How to alleviate sexual shame and have more orgasms.
Having bad sex just isn’t an option anymore. Nope. Too often we simply accept that women won’t always enjoy sex. It’s something we give little notice to in our culture. And to be frank, it’s utterly ridiculous. This archaic thinking is rooted in sexual stigma and a lack of anatomical understanding.
“Our sexuality is as part of our lives as is eating and sleeping. Sexuality is an important aspect of our well-being, and in a healthy romantic relationship, it’s as vital as love and affection,” Dr. Sherry Ross, an OB-GYN and women’s health expert, tells Healthline.
Good sex comes from ridding yourself of sexual shame, owning your desire, and understanding the clitoris, leaning into that pleasure therein.
If you know what brings you to orgasm, you’ll know how to show your partner how to do the same.
It’s important to know your body, what it likes, and how it works. If you aren’t sure what makes you tick, you can’t exactly expect a partner to magically figure it out.
It’s absolutely possible to never have bad sex again. Here’s how.
The saying goes, “If your heart’s not in it…” But when we say “heart,” what we really mean is brain.
Dr. Ross tells us that for a woman’s sexuality, the place we have to look first is the mind. The brain is our most powerful sex organ besides the clitoris (and trust me, we’ll get to that). “Intimacy, sex, and orgasm all begin with desire. If you
There are many issues that hinder and block our ability to connect our minds to our bodies: Body dysphoria, a lack of confidence, and sexual shame are just some of the factors that can leave sex feeling more obligatory than amazing.
When you feel those initial stirrings, those first moments of sexual spark, don’t shy away from them. Breathe into your body. Begin by entrenching yourself in a sexual fantasy. Don’t have one? Watch a little porn or read an erotic story to center yourself. Here are some suggestions.
Focus on your breath and everything your partner is doing to you that feels good. Consider this an entire experience of mind, body, and soul — even if it’s a casual encounter.
You may not have considered this before, but touching yourself is how you improve your sex life.
“Masturbation is a vehicle for understanding your body. The less you go for drives in your body’s ‘town,’ the scarier exploring it will be. Fear is the main ingredient of shame. Once you know that town, quite literally, like the back of your hand, then and only then, do you have the agency to invite another in for a visit,” Mal Harrison, a sexologist and director for the Center of Erotic Intelligence, tells Healthline.
Spend time with your vibrator or your hand. Experiment with different pressures, positions, and rhythms. If you know what brings you to orgasm, you’ll know how to show your partner how to do the same.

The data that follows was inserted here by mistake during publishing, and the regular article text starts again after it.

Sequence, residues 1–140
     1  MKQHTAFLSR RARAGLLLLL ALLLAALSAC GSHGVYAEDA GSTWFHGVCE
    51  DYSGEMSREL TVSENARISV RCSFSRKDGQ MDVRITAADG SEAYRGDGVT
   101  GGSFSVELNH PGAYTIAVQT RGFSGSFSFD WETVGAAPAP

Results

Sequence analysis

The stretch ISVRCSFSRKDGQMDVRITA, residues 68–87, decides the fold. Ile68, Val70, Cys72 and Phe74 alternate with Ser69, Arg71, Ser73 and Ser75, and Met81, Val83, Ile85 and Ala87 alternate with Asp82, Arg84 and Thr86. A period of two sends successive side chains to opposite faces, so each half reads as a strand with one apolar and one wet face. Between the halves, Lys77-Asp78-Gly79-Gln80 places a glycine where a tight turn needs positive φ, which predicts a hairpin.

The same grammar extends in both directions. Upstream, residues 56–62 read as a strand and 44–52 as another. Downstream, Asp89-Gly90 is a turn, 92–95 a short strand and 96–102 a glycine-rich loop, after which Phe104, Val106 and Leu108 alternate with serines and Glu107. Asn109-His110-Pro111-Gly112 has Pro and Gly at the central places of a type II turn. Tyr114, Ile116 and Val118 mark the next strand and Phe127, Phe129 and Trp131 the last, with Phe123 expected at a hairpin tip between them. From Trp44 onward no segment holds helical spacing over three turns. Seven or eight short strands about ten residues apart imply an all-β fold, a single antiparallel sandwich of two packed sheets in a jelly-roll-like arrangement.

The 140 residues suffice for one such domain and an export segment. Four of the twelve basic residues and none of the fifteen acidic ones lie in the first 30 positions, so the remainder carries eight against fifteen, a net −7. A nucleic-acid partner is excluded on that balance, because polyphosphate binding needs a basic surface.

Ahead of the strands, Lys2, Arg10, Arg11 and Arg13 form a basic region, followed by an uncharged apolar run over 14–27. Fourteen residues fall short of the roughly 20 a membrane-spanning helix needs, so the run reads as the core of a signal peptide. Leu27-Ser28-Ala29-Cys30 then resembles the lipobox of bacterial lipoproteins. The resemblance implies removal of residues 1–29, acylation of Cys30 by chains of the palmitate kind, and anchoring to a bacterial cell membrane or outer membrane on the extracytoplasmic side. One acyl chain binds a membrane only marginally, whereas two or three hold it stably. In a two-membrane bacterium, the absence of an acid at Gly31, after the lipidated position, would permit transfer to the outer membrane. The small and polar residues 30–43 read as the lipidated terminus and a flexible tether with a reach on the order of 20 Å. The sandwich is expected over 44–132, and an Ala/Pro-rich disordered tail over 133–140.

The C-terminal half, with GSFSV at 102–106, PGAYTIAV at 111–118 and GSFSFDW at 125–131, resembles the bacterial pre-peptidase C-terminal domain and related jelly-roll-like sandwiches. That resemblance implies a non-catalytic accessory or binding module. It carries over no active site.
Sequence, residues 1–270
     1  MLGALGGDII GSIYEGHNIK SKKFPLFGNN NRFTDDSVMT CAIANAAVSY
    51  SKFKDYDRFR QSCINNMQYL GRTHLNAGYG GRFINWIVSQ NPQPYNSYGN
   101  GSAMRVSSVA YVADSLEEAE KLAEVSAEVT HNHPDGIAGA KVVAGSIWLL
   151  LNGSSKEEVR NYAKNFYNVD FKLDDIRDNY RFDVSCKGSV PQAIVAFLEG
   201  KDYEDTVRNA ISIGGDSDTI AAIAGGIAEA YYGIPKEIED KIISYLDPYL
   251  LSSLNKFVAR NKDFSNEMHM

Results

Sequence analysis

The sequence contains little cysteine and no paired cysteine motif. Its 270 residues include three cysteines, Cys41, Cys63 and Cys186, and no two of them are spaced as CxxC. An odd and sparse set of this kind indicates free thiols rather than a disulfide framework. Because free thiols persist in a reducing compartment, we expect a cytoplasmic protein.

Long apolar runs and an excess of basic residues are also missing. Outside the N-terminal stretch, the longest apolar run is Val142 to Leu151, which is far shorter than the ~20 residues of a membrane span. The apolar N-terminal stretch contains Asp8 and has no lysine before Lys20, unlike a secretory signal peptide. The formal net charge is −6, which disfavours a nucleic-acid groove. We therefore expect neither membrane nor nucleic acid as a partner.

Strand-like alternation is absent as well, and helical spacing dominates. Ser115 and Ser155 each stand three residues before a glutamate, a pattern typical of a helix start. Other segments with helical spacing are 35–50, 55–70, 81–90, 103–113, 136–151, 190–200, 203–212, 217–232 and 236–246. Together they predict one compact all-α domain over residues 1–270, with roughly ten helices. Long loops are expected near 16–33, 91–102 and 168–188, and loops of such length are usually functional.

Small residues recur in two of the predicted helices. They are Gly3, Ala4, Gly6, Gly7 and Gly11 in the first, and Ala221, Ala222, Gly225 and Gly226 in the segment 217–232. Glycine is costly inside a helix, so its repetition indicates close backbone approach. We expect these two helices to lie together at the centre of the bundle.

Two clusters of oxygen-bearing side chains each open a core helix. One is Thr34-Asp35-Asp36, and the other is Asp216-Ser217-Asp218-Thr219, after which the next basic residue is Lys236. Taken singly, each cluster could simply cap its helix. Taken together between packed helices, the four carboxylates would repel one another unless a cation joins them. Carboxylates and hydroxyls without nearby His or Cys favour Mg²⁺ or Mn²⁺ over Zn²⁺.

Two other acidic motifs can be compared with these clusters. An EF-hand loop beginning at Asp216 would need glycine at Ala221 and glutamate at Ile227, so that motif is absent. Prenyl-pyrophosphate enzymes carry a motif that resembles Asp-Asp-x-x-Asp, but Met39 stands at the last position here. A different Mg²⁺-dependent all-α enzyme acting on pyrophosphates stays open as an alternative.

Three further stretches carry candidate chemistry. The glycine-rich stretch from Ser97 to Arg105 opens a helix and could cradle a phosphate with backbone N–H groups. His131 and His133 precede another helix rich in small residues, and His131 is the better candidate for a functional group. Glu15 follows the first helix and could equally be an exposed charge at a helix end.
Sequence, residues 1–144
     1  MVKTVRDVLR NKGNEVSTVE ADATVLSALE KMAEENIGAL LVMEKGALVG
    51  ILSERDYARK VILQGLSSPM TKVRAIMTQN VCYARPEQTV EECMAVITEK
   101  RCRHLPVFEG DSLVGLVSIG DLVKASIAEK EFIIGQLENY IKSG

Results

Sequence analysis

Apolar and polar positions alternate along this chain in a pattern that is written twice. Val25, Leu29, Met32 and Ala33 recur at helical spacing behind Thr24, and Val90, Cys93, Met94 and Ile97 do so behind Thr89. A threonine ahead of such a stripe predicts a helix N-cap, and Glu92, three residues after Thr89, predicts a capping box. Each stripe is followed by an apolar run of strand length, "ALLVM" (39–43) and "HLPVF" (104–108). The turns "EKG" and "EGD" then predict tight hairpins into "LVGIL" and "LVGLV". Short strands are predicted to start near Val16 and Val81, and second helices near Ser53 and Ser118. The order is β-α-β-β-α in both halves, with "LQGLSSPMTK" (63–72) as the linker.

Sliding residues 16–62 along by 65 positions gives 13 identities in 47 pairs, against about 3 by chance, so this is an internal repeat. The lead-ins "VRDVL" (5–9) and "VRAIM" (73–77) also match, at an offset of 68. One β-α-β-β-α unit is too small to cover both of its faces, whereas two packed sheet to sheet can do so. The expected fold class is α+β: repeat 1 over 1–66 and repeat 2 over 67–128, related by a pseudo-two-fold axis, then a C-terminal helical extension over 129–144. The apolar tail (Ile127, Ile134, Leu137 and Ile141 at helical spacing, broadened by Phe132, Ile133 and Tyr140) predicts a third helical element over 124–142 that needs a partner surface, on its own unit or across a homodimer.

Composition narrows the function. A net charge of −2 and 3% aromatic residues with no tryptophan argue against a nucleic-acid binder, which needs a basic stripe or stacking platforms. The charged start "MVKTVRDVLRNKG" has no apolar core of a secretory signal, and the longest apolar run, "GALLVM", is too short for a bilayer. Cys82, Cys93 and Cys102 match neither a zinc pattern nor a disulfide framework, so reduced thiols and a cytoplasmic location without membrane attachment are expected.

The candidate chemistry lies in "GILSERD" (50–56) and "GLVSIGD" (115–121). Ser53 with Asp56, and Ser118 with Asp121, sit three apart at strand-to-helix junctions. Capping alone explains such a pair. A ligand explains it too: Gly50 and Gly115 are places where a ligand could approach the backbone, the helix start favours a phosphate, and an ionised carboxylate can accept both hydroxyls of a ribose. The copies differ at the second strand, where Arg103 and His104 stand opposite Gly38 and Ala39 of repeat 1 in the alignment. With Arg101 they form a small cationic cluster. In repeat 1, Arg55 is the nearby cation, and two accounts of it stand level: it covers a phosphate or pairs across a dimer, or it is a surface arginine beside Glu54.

The clit should be involved always, always, always.
Harrison even encourages parents to teach their children the normality and importance of masturbation for overall health. “If you don’t encourage your daughter to masturbate and get her access to whatever toys she wants to try, then how can you expect her to understand and own her agency?” she says.
OK. Let’s not beat around the bush (pun intended).
The clitoris is the powerhouse of female orgasm. It contains over 8,000 nerve endings. Without manually (with a hand or toy) or orally stimulating the clitoris, orgasm is highly unlikely. So, if you want to stop having bad sex, get the clit involved.
“During penetrative sex, most women need the clitoris stimulated at the same time unless they are in touch with their G-spot,” Ross says. By the way, the G-spot IS a part of the clitoris, too. The clit should be involved always, always, always.
If you’re not getting the clitoral action you need, speak up! Do not fake orgasms. If you fake an orgasm, you set unrealistic expectations and create inaccurate guidelines for what brings you pleasure. “Don’t go along with someone who isn’t 120 percent into respecting you and focused on you having a great time. Otherwise, pleasure inside the bedroom will likely be zero,” Harrison says.
It’s amazing. It’s healthy. It’s beautiful.
Sexual shame is one of the main reasons we experience bad sex. We’re told sex is dirty and gross. This kind of thinking completely warps our perceptions of both ourselves and our pleasure.
“People are afraid of sexuality because it’s not commonplace to discuss freely and openly. The more we speak about it, the less power shame will have,” Harrison adds.
We have to talk about it until we are blue in the face. We must normalize sexuality. Only then can we have better sex. Good sex shouldn’t be an anomaly. It should be the gold standard we all expect, every single time.
Gigi Engle is a writer, sex educator, and speaker. Her work has appeared in many publications, including Marie Claire, Glamour, Women’s Health, Brides, and Elle. Follow her on Instagram, Facebook, and Twitter.